Use ordered dithering in color quantization.

       -dither none
              Do  not use dithering in color quantization.  By default, Floyd-Steinberg dithering
              is applied when quantizing colors; this is  slow  but  usually  produces  the  best
              results.  Ordered dither is a compromise between speed and quality; no dithering is
              fast but usually looks awful.  Note that these switches have no effect unless color
              quantization is being done.  Ordered dither is only available in -onepass mode.

       -icc file
              Extract ICC color management profile to the specified file.

       -map file
              Quantize  to  the  colors  used  in  the  specified image file.  This is useful for
              producing multiple files with identical color maps, or for forcing a predefined set
              of  colors  to  be used.  The file must be a GIF or PPM file. This option overrides
              -colors and -onepass.

              Use a faster, lower-quality upsampling routine.

              Use one-pass instead of two-pass color quantization.  The one-pass method is faster
              and  needs less memory, but it produces a lower-quality image.  -onepass is ignored
              unless you also say -colors N.  Also,  the  one-pass  method  is  always  used  for
              grayscale output (the two-pass method is no improvement then).

       -maxmemory N
              Set  limit  for  amount  of  memory to use in processing large images.  Value is in
              thousands of bytes, or millions of bytes if "M" is attached  to  the  number.   For
              example,  -max  4m  selects  4000000 bytes.  If more space is needed, an error will

       -outfile name
              Send output image to the named file, not to standard output.

              Load input file into memory before decompressing.   This  feature  was  implemented
              mainly as a way of testing the in-memory source manager (jpeg_mem_src().)

       -skip Y0,Y1
              Decompress  all  rows of the JPEG image except those between Y0 and Y1 (inclusive.)
              Note that if decompression scaling is being used, then Y0 and Y1  are  relative  to
              the scaled image dimensions.

       -crop WxH+X+Y
              Decompress  only  a  rectangular subregion of the image, starting at point X,Y with
              width W and height H.  If necessary, X will be shifted left  to  the  nearest  iMCU
              boundary,  and the width will be increased accordingly.  Note that if decompression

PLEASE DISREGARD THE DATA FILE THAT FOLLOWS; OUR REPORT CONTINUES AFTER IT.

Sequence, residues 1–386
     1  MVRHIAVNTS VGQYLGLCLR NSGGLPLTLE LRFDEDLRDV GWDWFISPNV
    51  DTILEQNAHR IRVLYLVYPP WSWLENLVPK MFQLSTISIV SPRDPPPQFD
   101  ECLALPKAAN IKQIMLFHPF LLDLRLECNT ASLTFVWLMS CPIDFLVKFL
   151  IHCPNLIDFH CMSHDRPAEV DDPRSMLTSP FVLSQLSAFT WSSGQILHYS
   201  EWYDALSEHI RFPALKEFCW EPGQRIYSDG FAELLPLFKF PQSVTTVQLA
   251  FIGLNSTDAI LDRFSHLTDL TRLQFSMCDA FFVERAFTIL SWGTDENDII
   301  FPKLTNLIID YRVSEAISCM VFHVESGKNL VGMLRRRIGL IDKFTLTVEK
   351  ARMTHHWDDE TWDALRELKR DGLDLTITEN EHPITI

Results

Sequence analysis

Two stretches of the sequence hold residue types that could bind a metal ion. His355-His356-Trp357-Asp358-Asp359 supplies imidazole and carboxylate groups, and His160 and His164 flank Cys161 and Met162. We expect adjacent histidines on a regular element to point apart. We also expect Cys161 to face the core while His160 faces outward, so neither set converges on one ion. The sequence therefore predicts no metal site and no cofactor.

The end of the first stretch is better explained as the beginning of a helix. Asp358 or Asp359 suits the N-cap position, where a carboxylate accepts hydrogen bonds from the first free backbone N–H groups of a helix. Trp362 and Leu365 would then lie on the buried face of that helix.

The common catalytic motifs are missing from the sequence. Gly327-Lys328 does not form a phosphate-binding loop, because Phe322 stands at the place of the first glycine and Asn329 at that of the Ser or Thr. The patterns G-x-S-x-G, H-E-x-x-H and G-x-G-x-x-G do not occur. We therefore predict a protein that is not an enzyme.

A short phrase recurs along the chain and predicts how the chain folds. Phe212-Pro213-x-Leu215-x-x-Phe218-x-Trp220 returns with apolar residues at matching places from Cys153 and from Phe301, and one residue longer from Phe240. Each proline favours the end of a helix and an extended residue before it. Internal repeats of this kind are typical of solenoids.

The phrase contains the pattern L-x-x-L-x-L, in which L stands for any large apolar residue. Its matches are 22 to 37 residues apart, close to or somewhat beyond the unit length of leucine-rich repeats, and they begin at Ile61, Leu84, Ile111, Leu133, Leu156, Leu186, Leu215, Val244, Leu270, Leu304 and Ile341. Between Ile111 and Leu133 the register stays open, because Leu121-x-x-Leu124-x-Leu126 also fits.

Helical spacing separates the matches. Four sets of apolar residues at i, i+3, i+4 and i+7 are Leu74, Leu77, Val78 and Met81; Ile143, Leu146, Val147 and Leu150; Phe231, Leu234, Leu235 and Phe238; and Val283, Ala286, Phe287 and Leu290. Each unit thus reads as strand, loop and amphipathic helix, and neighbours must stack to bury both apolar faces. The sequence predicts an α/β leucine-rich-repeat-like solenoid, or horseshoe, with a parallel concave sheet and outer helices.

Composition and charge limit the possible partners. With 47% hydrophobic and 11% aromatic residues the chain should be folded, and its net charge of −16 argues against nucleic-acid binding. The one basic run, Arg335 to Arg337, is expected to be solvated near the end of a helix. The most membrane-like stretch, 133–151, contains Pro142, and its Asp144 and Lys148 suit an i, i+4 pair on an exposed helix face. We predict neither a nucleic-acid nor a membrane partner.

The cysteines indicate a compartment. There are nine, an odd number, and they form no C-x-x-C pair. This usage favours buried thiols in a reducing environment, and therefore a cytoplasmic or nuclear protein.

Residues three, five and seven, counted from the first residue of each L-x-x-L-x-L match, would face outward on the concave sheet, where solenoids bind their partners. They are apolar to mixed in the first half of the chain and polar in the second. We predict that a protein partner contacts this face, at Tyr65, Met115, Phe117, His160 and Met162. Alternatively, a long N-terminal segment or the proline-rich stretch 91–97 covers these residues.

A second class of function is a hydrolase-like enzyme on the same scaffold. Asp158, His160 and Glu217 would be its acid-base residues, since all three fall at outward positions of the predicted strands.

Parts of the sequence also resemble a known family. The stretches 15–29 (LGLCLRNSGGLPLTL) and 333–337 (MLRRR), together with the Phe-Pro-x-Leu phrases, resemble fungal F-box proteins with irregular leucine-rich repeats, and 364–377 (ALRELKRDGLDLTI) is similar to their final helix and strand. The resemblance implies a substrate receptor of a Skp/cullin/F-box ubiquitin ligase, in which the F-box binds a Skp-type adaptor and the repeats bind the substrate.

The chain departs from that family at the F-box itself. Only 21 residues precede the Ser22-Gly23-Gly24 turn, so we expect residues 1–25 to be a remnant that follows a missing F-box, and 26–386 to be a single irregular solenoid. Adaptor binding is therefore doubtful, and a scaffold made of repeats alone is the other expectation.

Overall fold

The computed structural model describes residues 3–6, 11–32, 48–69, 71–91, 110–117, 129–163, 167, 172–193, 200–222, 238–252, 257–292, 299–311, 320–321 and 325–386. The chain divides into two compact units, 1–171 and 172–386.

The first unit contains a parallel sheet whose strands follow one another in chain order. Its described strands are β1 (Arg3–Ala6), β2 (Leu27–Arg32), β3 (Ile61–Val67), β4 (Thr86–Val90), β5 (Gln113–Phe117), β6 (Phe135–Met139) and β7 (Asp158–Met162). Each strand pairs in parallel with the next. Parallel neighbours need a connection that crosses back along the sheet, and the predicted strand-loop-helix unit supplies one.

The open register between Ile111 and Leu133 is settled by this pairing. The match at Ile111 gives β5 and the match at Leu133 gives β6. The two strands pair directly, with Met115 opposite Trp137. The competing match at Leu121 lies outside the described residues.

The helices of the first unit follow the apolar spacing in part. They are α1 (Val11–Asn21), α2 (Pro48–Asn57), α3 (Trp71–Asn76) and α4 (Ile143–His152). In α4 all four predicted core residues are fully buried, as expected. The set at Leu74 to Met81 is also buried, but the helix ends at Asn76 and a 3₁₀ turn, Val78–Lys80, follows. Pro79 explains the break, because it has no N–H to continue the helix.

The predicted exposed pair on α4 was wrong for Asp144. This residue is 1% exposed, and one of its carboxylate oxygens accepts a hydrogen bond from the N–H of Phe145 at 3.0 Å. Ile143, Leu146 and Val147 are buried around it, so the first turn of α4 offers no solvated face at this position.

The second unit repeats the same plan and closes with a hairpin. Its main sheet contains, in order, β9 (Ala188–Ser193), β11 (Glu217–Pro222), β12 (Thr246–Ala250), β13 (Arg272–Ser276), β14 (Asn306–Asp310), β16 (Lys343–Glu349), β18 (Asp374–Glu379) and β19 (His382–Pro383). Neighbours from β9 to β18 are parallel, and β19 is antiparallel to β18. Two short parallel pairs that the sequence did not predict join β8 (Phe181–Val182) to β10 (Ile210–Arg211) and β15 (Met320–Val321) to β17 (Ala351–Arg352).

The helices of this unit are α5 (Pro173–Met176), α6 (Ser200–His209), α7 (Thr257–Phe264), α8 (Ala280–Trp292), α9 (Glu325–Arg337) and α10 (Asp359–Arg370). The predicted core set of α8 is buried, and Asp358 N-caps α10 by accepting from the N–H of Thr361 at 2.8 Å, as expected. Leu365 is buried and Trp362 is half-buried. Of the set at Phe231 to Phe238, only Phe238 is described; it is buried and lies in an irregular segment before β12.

scaling is being used, then X, Y, W,  and  H  are  relative  to  the  scaled  image
              dimensions.   Currently this option only works with the PBMPLUS (PPM/PGM), GIF, and
              Targa output formats.

              Enable debug printout.  More -v's give more output.  Also, version  information  is
              printed at startup.

       -debug Same as -verbose.

              Print version information and exit.


       This example decompresses the JPEG file foo.jpg, quantizes it to 256 colors, and saves the
       output in 8-bit BMP format in foo.bmp:

              djpeg -colors 256 -bmp foo.jpg > foo.bmp


       To get a quick preview of an image, use the -grayscale and/or -scale switches.  -grayscale
       -scale 1/8 is the fastest case.

       Several  options are available that trade off image quality to gain speed.  -fast turns on
       the recommended settings.

       -dct fast and/or -nosmooth gain speed at a small sacrifice in quality.  When  producing  a
       color-quantized  image,  -onepass  -dither ordered is fast but much lower quality than the
       default behavior.  -dither none may give acceptable  results  in  two-pass  mode,  but  is
       seldom tolerable in one-pass mode.

       If  you  are fortunate enough to have very fast floating point hardware, -dct float may be
       even faster than -dct fast.  But on most machines -dct float is slower than -dct  int;  in
       this  case  it is not worth using, because its theoretical accuracy advantage is too small
       to be significant in practice.


              If this environment variable is set, its value is the default  memory  limit.   The
              value  is  specified as described for the -maxmemory switch.  JPEGMEM overrides the
              default value specified when the program was compiled, and itself is overridden  by
              an explicit -maxmemory.


       cjpeg(1), jpegtran(1), rdjpgcom(1), wrjpgcom(1)
       ppm(5), pgm(5)
       Wallace,  Gregory K.  "The JPEG Still Picture Compression Standard", Communications of the
       ACM, April 1991 (vol. 34, no. 4), pp. 30-44.


       Independent JPEG Group

       This file was modified by The libjpeg-turbo Project to include only  information  relevant
       to  libjpeg-turbo,  to wordsmith certain sections, and to describe features not present in


       Support for compressed GIF output files was removed in djpeg v6b due to concerns over  the
       Unisys LZW patent.  Although this patent expired in 2006, djpeg still lacks compressed GIF
       support, for these historical reasons.  (Conversion of JPEG files to GIF is usually a  bad
       idea  anyway,  since  GIF  is  a 256-color format.)  The uncompressed GIF files that djpeg
       generates are larger than they should be, but they are readable by standard GIF decoders.

                                         13 November 2017                                DJPEG(1)